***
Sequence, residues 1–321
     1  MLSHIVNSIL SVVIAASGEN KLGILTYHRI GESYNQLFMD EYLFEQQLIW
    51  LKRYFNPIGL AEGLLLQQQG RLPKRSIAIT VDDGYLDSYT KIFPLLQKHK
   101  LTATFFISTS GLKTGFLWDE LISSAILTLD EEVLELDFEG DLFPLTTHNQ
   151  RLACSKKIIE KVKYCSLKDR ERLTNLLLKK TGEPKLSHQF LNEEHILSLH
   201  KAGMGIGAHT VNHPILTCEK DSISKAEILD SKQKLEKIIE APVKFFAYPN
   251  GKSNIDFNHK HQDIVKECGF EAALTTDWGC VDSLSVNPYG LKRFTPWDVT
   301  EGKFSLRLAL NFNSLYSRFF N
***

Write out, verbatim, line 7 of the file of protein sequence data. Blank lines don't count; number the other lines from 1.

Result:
   251  GKSNIDFNHK HQDIVKECGF EAALTTDWGC VDSLSVNPYG LKRFTPWDVT